This programme is having a huge impact in the communities and it is constantly receiving a great amount of emotional support from the participants and from those guests able to visit them in the local primary schools. This initiative is complemented by adult empowerment projects, which have helped to create community businesses, allowing adults to pay for school fees for their children. One successful project has been basket weaving using recycled materials, run by a group of women in Tsholotsho (Zimbabwe).

    A lot of the conservation work done by Wilderness focuses on putting and end to wildlife poaching.

    Another booming business is brick-making from recycled glass by the Nganyana men (also in Zimbabwe) mostly from bottles, which then are crushed into fine powder and remade into bricks for selling in the community to use in construction.
    We must pay special attention to some key reforestation projects in Botswana and Rwanda. At the moment there are two new projects in the Linyanti Wildlife Reserve and the Gishwati-Mukura National Park, along with the one taking place in Bisate. Wilderness Safaris have constructed tree nurseries near the camps using seeds of trees within the reserves to ensure the longevity of both the flora and fauna in the area.

    For those guests looking to immerse themselves in nature, these nurseries can be visited and visitors can get their hands dirty planting a tree, hence playing a small part in return for the unbelievable experience. Between the Gishwati Forest and Bisate, over 50,000 indigenous trees have been planted from saplings grown in the nurseries, among them many endemic species such as jackalberry, knobthorn, African mangosteen, mahogany, buffalo thorn, marula, baobab, birdplum and Kalahari apple leaf. The Covid pandemic and consequent travel restrictions had an enormous impact on Wilderness Safaris, putting at risk the livelihoods of many of the communities dependant on the activities at every camp where they have a presence.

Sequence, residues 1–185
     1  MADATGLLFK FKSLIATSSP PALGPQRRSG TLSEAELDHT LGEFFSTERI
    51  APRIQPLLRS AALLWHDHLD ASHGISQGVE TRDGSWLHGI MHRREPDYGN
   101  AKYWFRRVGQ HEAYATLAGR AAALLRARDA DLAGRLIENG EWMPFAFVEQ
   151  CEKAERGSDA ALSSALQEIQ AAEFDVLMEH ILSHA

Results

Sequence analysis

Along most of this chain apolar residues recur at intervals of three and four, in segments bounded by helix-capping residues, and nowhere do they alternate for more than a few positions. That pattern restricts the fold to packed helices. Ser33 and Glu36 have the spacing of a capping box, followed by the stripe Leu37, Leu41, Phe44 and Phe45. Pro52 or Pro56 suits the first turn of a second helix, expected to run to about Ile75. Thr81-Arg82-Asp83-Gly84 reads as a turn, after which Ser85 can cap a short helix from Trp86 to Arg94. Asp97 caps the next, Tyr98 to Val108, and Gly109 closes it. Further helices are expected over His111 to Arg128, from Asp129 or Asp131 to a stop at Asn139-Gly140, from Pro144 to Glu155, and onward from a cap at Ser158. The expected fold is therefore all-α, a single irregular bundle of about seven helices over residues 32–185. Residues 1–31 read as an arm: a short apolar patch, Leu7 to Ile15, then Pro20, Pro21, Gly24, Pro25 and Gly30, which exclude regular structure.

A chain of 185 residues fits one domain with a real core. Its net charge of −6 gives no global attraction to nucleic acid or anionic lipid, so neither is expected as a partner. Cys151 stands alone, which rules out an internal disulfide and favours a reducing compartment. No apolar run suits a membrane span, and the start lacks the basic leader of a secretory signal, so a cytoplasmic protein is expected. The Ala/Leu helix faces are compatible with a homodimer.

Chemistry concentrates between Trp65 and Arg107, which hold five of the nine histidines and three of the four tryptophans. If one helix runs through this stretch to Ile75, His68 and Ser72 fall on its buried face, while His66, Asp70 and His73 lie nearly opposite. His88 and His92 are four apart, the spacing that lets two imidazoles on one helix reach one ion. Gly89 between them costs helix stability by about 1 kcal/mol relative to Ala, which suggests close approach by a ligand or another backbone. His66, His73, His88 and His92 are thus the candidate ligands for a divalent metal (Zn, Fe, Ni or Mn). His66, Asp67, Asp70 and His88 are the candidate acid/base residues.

The Heroes campaigned has helped many communities to survive during Covid…

    Therefore, Wilderness Safaris launched the Conservation Heroes Campaign, aimed at protecting local communities and wildlife during these difficult times and raising important funds for the distribution of over 10,000 food parcels in six countries, affecting 47,000 people from over 35 communities, along with conservation and anti-poaching projects. Wilderness Safaris are now a global enterprise dedicated to the promotion and preservation of African wildlife, taking astounding care of the communities it operates with, and building lifelong relations with the people, the wilderness and our great planet Earth.